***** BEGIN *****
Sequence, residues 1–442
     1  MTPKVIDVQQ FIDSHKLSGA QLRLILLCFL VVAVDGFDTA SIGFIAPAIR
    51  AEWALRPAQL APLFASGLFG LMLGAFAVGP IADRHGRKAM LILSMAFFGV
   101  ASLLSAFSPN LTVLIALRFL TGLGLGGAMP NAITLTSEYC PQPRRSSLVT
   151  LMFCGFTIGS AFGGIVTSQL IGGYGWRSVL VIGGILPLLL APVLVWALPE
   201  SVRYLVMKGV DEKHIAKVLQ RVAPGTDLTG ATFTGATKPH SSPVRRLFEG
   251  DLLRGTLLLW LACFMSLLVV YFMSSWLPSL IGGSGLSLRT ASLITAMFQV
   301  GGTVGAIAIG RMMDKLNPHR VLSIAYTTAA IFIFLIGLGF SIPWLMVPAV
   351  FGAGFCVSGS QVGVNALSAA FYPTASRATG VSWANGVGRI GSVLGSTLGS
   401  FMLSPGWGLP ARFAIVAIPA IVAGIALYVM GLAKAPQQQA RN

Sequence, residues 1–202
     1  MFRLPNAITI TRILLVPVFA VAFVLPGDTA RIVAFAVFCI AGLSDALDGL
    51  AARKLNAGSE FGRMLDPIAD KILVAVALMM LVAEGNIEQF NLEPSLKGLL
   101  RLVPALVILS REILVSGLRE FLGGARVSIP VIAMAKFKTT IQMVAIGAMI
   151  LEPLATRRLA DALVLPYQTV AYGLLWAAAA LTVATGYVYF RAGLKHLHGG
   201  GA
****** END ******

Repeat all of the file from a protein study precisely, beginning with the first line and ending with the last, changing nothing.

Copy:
Sequence, residues 1–442
     1  MTPKVIDVQQ FIDSHKLSGA QLRLILLCFL VVAVDGFDTA SIGFIAPAIR
    51  AEWALRPAQL APLFASGLFG LMLGAFAVGP IADRHGRKAM LILSMAFFGV
   101  ASLLSAFSPN LTVLIALRFL TGLGLGGAMP NAITLTSEYC PQPRRSSLVT
   151  LMFCGFTIGS AFGGIVTSQL IGGYGWRSVL VIGGILPLLL APVLVWALPE
   201  SVRYLVMKGV DEKHIAKVLQ RVAPGTDLTG ATFTGATKPH SSPVRRLFEG
   251  DLLRGTLLLW LACFMSLLVV YFMSSWLPSL IGGSGLSLRT ASLITAMFQV
   301  GGTVGAIAIG RMMDKLNPHR VLSIAYTTAA IFIFLIGLGF SIPWLMVPAV
   351  FGAGFCVSGS QVGVNALSAA FYPTASRATG VSWANGVGRI GSVLGSTLGS
   401  FMLSPGWGLP ARFAIVAIPA IVAGIALYVM GLAKAPQQQA RN

Sequence, residues 1–202
     1  MFRLPNAITI TRILLVPVFA VAFVLPGDTA RIVAFAVFCI AGLSDALDGL
    51  AARKLNAGSE FGRMLDPIAD KILVAVALMM LVAEGNIEQF NLEPSLKGLL
   101  RLVPALVILS REILVSGLRE FLGGARVSIP VIAMAKFKTT IQMVAIGAMI
   151  LEPLATRRLA DALVLPYQTV AYGLLWAAAA LTVATGYVYF RAGLKHLHGG
   201  GA